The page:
More than 13,000 journal articles about cannabinoids and more than 1500 of just CBD have been published to date. That's way too many to cover here, although the book does a better job! Laboratory studies show CBD exerts an anti-anxiety effect on humans and rats similar to what anti-anxiety medications produce. Studies in rats show CBD decreases memory loss with aging and actually regenerates neurons in the memory-part of the brain. Other studies show CBD helps reduces seizures, alleviate arthritis, inflammation and pain; decreases nausea and vomiting, promotes bone growth and healing, discourages cancer spread and growth, controls autoimmune problems, reduces gastrointestinal mobility and inflammation (both important for controlling IBD), has potent action against many bacteria. In addition it may (the evidence is less convincing for these) help reduce body weight, may improve recover from spinal injury, may reduce obsessive-compulsive behaviors, may reduce itchiness, and possibly is instrumental in combating liver disease, kidney disease and lower urinary tract infections (the evidence for these last examples is more tenuous). CBD affects so many diverse systems because it controls every other neurotransmitter, which in turn control various specialized systems.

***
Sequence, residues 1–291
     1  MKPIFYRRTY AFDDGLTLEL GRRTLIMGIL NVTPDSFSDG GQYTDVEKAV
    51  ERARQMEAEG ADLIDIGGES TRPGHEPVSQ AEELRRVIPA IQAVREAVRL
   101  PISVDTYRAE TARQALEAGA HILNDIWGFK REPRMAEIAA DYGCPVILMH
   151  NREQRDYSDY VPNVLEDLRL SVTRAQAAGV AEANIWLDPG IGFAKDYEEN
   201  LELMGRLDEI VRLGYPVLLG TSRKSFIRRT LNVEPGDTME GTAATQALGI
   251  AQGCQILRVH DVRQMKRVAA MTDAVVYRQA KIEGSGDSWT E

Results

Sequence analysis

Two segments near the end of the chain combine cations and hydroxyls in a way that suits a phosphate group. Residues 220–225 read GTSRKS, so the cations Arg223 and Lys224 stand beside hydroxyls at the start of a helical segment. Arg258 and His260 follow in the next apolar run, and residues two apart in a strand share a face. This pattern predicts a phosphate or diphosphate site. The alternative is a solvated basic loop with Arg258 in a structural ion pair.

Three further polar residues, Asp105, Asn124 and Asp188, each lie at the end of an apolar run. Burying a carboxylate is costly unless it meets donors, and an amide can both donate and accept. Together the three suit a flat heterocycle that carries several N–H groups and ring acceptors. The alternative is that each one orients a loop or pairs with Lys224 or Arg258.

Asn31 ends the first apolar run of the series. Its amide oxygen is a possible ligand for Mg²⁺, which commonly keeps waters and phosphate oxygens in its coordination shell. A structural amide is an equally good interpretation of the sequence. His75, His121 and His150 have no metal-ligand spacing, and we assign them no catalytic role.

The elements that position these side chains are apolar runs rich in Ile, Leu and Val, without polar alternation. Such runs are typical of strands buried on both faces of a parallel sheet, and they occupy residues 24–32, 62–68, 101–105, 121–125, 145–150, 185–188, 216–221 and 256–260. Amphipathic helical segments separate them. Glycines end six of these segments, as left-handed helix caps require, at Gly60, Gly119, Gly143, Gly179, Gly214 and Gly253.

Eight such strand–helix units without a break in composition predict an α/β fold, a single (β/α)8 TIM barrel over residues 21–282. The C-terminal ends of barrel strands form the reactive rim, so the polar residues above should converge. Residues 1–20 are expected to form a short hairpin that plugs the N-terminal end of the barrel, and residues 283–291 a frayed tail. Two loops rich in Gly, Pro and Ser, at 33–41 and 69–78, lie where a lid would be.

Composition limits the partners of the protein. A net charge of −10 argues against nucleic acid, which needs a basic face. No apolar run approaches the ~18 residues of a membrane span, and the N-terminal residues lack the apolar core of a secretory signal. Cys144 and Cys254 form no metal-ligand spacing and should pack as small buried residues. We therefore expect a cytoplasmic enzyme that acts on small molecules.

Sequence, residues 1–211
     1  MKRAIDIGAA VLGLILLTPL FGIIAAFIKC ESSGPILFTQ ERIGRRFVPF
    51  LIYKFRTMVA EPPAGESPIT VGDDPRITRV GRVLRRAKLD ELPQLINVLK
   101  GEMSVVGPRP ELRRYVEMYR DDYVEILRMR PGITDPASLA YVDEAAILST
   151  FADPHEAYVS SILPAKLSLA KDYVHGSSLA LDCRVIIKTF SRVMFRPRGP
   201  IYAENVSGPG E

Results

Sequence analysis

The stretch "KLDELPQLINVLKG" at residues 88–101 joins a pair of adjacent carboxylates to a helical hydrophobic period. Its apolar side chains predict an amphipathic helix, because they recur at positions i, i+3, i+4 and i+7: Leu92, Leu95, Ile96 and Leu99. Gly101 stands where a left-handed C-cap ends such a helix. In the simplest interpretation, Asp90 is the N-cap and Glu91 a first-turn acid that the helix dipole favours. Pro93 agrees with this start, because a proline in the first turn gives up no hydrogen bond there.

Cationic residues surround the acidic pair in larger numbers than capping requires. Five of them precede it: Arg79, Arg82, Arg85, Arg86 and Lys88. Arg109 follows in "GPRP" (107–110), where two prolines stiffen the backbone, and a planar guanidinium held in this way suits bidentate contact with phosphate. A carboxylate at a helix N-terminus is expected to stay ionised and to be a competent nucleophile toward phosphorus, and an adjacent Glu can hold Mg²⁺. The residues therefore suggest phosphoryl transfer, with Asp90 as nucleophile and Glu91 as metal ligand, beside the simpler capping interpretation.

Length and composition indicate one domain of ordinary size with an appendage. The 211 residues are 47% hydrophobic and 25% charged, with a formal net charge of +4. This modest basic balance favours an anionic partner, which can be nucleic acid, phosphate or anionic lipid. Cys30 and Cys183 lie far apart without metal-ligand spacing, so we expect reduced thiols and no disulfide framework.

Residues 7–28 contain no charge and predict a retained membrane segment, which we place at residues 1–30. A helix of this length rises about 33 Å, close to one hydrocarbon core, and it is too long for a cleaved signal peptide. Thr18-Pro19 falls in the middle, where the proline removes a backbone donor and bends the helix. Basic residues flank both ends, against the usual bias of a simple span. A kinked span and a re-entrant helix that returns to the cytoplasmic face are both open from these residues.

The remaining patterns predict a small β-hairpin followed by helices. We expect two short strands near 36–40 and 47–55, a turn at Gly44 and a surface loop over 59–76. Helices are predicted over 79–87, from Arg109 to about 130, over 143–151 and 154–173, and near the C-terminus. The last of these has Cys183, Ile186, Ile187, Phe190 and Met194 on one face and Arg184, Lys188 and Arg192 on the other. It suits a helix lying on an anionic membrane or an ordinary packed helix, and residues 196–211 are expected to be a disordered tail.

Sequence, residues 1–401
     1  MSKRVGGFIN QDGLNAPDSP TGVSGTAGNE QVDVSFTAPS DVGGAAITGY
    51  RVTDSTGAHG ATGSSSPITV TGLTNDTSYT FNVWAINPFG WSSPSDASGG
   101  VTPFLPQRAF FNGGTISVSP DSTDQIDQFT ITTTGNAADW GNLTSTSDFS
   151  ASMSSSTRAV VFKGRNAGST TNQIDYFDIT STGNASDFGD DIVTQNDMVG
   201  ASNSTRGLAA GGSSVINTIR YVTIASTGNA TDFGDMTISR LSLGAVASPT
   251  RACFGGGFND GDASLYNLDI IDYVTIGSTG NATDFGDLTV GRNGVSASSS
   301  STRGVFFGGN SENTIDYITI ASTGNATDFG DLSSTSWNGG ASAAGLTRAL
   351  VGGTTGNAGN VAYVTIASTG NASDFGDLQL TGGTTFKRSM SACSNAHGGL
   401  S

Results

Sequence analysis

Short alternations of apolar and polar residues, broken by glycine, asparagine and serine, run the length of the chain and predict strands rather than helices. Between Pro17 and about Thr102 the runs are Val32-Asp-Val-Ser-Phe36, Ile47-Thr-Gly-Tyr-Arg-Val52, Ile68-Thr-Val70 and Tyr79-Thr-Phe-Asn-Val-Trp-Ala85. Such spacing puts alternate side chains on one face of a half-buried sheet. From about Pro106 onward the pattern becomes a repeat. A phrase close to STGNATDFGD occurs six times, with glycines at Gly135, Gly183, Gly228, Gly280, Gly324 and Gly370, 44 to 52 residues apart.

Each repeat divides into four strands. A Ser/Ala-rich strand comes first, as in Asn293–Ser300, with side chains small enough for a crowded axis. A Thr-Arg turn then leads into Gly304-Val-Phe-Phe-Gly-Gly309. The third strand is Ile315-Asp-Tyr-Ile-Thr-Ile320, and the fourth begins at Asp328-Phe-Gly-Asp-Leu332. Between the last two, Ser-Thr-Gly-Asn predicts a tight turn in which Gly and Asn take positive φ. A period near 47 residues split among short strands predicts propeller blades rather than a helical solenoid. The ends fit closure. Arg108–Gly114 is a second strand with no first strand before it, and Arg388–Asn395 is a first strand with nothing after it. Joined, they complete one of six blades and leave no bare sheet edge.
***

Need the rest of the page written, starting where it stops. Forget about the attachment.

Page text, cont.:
While personal anecdotes are notoriously suspect, a study from the University of Colorado Veterinary School asked 457 dog and cat owners if CBD helped their pets with various ailments: 95% replied it helped with pain relief; 92% replied it lessened seizure activity; 92% reported it decreased inflammation; 88% reported it aided sleep; 83% reported it relieved anxiety; 82% reported it decreased vomiting; 79% reported it helped with muscle spasm; 73% reported it helped inhibit tumor activity; 71% reported it helped with digestive tract problems; and 62% reported it helped with skin conditions. 

Medical marijuana, with THC, is illegal to use on dogs, even where it's legal for people. Veterinarians cannot prescribe it. Hemp, with CBD, is legal. No, you don't need to meet a pusher in a dark alley to get some. You can just send off on your friendly Internet.  I recommend especially since they offer a coupon code ("CannabisScience") for 30% off  I was able to include in the book!